Aubrey Aden-Buie is the program director at Glassbreaker Films, which aims to uplift the next generation of female documentary filmmakers. Aden-Buie also directs BridgeUP: FILM, a program she created to teach high school women about video production, reporting and storytelling. She, along with three other team members, produced more than 20 short films that received accolades including an Emmy nomination, an Edward R. Murrow Award and a Vimeo Staff Pick. Aden-Buie’s work has been published by the New Yorker, PBS Newshour, The Center for Investigative Reporting, The New York Times, Sports Illustrated, Special Olympics, Mashable, Fox Sports, NPR and more. She recently was interviewed at the Atlanta Photojournalism Seminar by Sarah Liese, a student in the University of Mississippi School of Journalism and New Media.
Q: At what point did you decide you wanted to be a journalist? And then, when did you decide that you wanted to make documentaries?
A: I decided I wanted to be a journalist when I was 25. I went back to school for broadcast journalism. But when it came to documentaries, we had this three-day boot camp before classes started, and it was the first time I was introduced to it. I was like, “OK, I am hooked to this.”
Then, I went on an international project to South Africa, where we were telling stories of the housing crisis there, 20 years post-apartheid. That was so far out of my comfort zone, but I loved it. I was like “OK, I want to tell stories that mattered.”
Q: How have you personally created your own brand?
A: I have spent a lot of time outside of work or my day job, doing the things I want to do, and that has made a huge difference. Yeah, that’s sort of the only reason why I’m doing the things that I’m doing now. I think building a brand, too, is thinking about what you represent and working toward that. If you don’t have the basis of that, then social media is really not going to do much.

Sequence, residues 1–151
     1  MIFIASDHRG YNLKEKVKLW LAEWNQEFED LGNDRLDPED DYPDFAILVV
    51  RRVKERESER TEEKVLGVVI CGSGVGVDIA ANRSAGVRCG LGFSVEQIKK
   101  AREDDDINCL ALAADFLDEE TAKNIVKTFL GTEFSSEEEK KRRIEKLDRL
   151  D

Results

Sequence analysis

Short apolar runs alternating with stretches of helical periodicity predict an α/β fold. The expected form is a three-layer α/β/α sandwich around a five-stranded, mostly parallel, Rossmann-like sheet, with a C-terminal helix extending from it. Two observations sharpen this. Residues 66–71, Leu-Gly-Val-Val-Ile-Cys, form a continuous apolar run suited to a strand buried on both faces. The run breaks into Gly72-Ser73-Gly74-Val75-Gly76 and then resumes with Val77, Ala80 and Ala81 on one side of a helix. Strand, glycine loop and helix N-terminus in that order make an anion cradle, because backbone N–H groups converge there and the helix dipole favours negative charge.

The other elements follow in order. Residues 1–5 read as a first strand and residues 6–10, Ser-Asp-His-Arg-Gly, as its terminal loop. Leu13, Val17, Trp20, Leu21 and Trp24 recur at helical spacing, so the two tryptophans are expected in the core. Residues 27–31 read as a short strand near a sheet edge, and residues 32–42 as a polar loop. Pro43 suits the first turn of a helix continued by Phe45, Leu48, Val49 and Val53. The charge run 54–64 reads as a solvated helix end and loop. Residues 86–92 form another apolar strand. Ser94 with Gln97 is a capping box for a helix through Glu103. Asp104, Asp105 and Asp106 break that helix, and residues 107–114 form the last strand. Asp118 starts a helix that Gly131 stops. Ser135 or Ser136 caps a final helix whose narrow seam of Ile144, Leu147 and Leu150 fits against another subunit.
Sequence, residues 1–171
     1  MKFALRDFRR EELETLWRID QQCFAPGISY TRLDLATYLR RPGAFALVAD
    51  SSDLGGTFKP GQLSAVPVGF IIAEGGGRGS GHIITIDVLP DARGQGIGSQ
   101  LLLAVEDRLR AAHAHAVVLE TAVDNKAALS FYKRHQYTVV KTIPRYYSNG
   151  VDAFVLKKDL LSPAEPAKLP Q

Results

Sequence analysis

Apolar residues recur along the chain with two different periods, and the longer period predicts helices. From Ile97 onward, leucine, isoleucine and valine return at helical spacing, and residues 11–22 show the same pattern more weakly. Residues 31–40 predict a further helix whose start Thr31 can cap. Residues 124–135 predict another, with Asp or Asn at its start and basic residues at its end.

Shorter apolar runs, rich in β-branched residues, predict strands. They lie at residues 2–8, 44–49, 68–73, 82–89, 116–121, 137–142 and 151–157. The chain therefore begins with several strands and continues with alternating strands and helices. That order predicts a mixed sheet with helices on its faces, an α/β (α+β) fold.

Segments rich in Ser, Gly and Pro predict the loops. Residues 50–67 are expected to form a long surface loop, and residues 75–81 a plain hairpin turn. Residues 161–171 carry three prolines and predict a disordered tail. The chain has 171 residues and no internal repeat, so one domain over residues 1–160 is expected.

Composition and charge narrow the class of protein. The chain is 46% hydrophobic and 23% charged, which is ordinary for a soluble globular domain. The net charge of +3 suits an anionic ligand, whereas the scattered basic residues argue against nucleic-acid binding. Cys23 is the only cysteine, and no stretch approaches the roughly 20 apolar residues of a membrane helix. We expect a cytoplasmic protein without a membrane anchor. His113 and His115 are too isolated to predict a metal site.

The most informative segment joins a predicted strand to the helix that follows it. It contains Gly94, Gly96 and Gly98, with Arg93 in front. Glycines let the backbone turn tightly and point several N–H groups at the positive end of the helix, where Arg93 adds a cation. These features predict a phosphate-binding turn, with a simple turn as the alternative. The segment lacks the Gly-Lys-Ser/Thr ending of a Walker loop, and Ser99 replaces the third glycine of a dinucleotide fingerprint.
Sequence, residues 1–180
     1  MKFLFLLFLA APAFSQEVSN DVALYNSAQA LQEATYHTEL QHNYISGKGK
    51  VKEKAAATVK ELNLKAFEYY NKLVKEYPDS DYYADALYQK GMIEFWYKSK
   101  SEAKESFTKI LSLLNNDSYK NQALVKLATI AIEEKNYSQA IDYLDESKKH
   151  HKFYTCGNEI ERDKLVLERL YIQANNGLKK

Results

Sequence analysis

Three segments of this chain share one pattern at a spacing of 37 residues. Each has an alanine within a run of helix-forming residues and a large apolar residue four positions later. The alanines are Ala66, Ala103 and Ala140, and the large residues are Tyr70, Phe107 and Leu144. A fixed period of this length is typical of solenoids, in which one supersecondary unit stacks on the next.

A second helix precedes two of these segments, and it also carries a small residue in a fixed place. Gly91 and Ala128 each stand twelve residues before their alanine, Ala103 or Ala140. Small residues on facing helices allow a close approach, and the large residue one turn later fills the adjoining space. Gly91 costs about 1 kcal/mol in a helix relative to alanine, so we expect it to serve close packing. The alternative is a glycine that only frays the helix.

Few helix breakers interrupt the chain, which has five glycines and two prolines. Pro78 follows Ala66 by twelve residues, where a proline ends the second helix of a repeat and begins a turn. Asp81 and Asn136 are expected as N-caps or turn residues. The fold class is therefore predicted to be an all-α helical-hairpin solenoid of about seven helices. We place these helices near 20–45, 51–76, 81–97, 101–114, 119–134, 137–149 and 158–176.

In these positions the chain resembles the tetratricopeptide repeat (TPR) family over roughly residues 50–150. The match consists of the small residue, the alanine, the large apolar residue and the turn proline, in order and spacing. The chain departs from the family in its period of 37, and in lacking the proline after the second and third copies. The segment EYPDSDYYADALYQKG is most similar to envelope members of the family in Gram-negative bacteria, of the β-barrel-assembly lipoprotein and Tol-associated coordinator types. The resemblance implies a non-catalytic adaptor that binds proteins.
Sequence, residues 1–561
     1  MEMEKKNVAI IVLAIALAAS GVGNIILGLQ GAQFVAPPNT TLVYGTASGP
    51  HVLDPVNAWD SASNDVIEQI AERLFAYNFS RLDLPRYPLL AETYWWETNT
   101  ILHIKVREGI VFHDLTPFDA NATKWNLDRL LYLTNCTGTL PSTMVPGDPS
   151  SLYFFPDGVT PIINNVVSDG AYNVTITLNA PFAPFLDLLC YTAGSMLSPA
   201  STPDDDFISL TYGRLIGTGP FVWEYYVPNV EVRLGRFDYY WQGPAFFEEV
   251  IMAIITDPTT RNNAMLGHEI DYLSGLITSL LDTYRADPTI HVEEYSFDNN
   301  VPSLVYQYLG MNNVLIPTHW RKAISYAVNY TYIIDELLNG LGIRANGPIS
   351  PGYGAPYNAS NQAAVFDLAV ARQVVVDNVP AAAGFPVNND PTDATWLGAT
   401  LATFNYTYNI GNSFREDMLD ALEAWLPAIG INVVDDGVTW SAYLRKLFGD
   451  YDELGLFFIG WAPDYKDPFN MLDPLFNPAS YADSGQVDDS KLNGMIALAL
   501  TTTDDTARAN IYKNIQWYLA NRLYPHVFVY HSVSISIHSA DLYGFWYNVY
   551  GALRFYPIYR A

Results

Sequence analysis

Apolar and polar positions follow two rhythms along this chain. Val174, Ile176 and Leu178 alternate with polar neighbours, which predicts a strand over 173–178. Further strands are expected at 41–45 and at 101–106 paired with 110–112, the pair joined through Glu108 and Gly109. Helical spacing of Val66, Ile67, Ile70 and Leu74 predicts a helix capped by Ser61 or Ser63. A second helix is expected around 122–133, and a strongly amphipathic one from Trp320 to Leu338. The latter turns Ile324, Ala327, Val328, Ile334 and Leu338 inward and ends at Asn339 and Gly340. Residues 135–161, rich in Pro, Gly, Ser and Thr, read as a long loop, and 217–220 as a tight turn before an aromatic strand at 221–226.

It’s funny now that I’m trying to find grantees, I look at their social media. I look at their Vimeo page. I look at their website. I used to think, “OK, if you needed to have like 200,000 followers.” But honestly, I don’t look so much at that. I look at the content they are creating, and (social media) is a way you can put your work out there for free, and it is there for somebody to look at. It‘s easy for me to find, and it does actually make a big difference.
Q: Tell me more about Glassbreaker Films.
A: It’s a female filmmaker initiative, and it is funded by the Helen Gurley Brown Foundation. Basically, the foundation had this money that was left over when Helen passed away, and they wanted it to go to things that she believed in. So, she sort of set aside different swim lanes, if you will, of places that she wanted it to go. And one of them was film. She was married to a film producer, so film was really big for her. But, she also wanted it to go to women specifically to build more leaders in underrepresented areas. Learning more about her and her story influenced (me).
Q: Why do you think there need to be more women filmmakers?
A: Every type of person, I think, we need to see be represented. I grew up not seeing myself in a lot of films and not seeing myself in places. And I come from a place of privilege in a lot of ways. I am a white woman. I came from a middle-class family, and I’m able-bodied, and all of these things. And I felt left out, so that just shows how limiting this system is, how much we need to change it and start to break it down, and how many more stories are out there. There are so many stories, and there is an audience there too.